Legendary radio quiz Hold Your Plums that became a Scouse institution

Billy Butler and Wally Scott, BBC Radio Merseyside Presenters. February 10, 1993
Billy Butler and Wally Scott, BBC Radio Merseyside Presenters. February 10, 1993 -Credit:Mirrorpix

A legendary quiz on a radio show which became a Scouse institution almost didn't go by its iconic name.

Today, tributes have been paid to Liverpool legend Wally Scott, who was a firm favourite name in Merseyside. Known for the likes of The Billy and Wally show, with Billy Butler, Wally died yesterday morning, April 30, 2024, after a long illness.

In his career, Wally worked on Radio City, Radio Merseyside, Magic FM and briefly on Liverpool Live, but is well remembered for the famous radio quiz show, Hold Your Plums, with DJ Billy Butler. Back in 1995, former editor at the Liverpool ECHO Arthur Johnson interviewed the pair about the show's history and success.

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Billy came up with the Plums idea back in 1984. Arthur was features editor of the ECHO at the time and had signed him up as a weekly columnist.

Wally started in journalism on the Bootle Times and moved over to the spoken word when he became sports editor at Radio City. He then started looking after Billy’s show on City and Billy slowly introduced Wally to the show’s listeners.

Billy Butler and Wally Scott, BBC Radio Merseyside Presenters. February 10, 1993
Billy Butler and Wally Scott, BBC Radio Merseyside presenters. February 10, 1993 -Credit:Mirrorpix

In October 1995, Wally told the ECHO: "I didn’t like having to actually take part in the programme at first. Somehow it just didn’t seem right.

"The bosses at City didn’t like it either. I was told off quite a few times, but Billy being Billy took no notice.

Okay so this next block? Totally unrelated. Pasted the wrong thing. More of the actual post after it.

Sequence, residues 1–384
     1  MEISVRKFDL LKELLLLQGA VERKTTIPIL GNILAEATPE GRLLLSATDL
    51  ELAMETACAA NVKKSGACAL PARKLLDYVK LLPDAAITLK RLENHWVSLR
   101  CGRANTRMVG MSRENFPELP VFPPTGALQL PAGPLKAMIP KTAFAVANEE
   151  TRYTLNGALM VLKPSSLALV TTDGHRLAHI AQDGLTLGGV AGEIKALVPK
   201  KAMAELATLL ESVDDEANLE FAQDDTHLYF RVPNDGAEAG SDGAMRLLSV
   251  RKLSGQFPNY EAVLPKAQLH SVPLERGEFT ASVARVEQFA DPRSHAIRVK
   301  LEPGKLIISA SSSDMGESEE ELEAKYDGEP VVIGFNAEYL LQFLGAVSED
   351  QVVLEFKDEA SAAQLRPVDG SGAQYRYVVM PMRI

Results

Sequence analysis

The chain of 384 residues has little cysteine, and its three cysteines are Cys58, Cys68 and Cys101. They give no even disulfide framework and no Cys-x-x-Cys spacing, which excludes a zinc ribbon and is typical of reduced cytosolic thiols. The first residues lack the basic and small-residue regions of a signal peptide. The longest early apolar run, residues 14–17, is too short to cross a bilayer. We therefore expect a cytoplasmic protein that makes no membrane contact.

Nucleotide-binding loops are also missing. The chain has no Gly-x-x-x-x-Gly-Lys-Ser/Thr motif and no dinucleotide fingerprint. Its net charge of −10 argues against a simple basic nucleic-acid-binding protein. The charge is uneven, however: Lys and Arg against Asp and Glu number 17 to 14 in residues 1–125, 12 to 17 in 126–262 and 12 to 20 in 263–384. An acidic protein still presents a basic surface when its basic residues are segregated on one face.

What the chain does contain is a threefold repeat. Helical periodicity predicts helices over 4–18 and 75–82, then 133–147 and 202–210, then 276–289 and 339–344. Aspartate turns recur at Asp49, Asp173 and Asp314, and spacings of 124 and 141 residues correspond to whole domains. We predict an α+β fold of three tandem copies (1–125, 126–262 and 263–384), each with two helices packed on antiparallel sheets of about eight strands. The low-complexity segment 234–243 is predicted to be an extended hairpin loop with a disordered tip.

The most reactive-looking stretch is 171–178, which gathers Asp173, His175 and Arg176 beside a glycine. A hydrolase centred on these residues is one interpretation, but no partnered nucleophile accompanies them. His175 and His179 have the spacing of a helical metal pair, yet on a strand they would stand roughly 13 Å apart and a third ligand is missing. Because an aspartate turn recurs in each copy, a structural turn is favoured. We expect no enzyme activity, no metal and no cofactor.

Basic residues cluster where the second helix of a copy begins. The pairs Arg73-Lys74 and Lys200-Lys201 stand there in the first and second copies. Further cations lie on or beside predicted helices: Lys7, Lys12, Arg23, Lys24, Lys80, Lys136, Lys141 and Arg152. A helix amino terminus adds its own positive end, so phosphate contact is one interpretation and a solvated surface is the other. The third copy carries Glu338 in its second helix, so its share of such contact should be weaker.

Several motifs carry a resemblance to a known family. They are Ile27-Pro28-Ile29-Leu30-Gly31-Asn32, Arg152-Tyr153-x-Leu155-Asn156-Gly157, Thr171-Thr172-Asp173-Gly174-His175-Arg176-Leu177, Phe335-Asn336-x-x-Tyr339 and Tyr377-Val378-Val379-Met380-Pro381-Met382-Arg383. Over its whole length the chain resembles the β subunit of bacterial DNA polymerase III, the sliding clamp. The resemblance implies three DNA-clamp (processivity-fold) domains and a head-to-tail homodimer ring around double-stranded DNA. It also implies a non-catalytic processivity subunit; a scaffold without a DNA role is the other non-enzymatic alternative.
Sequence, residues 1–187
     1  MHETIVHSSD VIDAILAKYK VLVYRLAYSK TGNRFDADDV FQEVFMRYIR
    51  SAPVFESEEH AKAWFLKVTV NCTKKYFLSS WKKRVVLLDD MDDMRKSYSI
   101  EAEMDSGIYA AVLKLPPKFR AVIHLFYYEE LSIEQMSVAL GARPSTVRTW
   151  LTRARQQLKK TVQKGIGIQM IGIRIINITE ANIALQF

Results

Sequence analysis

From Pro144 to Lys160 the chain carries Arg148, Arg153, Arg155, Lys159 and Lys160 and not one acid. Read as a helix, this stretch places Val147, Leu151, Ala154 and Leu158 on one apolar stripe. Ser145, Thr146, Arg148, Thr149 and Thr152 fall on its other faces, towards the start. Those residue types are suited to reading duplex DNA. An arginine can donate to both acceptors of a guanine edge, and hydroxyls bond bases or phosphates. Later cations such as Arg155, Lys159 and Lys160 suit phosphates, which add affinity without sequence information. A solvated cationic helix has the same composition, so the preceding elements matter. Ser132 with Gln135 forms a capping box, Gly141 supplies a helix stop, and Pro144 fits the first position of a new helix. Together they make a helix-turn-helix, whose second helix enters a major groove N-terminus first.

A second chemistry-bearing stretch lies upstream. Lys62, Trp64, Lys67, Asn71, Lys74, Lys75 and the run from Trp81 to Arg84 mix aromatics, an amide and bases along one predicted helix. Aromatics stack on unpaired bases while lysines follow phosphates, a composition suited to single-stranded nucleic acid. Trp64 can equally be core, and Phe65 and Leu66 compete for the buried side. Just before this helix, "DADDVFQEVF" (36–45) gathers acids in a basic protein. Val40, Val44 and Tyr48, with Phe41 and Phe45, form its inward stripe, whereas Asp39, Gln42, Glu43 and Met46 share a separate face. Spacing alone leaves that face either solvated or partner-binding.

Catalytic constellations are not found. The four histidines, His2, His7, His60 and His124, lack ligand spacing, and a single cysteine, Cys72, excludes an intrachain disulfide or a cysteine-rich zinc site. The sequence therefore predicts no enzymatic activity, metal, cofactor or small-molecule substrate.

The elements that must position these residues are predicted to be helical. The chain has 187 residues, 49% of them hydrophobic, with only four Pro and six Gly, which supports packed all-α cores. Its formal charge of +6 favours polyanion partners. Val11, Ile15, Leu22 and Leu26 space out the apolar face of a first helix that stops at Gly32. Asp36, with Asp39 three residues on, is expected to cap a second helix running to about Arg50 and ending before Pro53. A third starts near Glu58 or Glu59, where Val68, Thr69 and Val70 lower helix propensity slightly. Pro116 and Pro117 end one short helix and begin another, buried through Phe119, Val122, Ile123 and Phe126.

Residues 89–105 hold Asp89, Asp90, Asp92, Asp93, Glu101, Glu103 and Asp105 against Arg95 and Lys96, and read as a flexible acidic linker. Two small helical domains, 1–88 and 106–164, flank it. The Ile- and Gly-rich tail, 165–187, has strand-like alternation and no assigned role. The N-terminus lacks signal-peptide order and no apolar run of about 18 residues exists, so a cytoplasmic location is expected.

"In those days producers were never heard, but gradually I was doing more and more and now I love it. I love working with Billy or Little Billy (Billy Maher who stands in for BB) but I would not do it on my own."

In the 80s, Billy strode across to the old Vincent’s Wine Bar in Old Hall Street and announced he had the idea for the iconic show. Arthur previously wrote, "You’ll never get away with it. You couldn’t have a show on Radio Merseyside called Hold Your Plums."

The quiz radio show invited members of the public to phone in and answer quiz questions. But the hilarious answers also really made it what it was.

But Billy revealed how the name almost didn't make the cut. He previously told the ECHO: "After I had left Radio City and moved back to Merseyside, I had to leave behind a quiz show called Heads Or Tails and I was determined to come up with an idea that would beat it.

Party organised by The Liverpool Echo and Gold Crown Foods Ltd, who own Mantunna Tea, and held for 100 Merseyside people born on the 29th February, who only truly celebrate their birthdays once every four years. Picture shows "one year olds" Emma and Paul Davison and "two year olds" Elizabeth and Nicholas Parkes put out the cake candles watched by DJ Billy Butler, Wally Scott, Emma, and Echo marketing editor Arthur Johnson (centre). February 29, 1988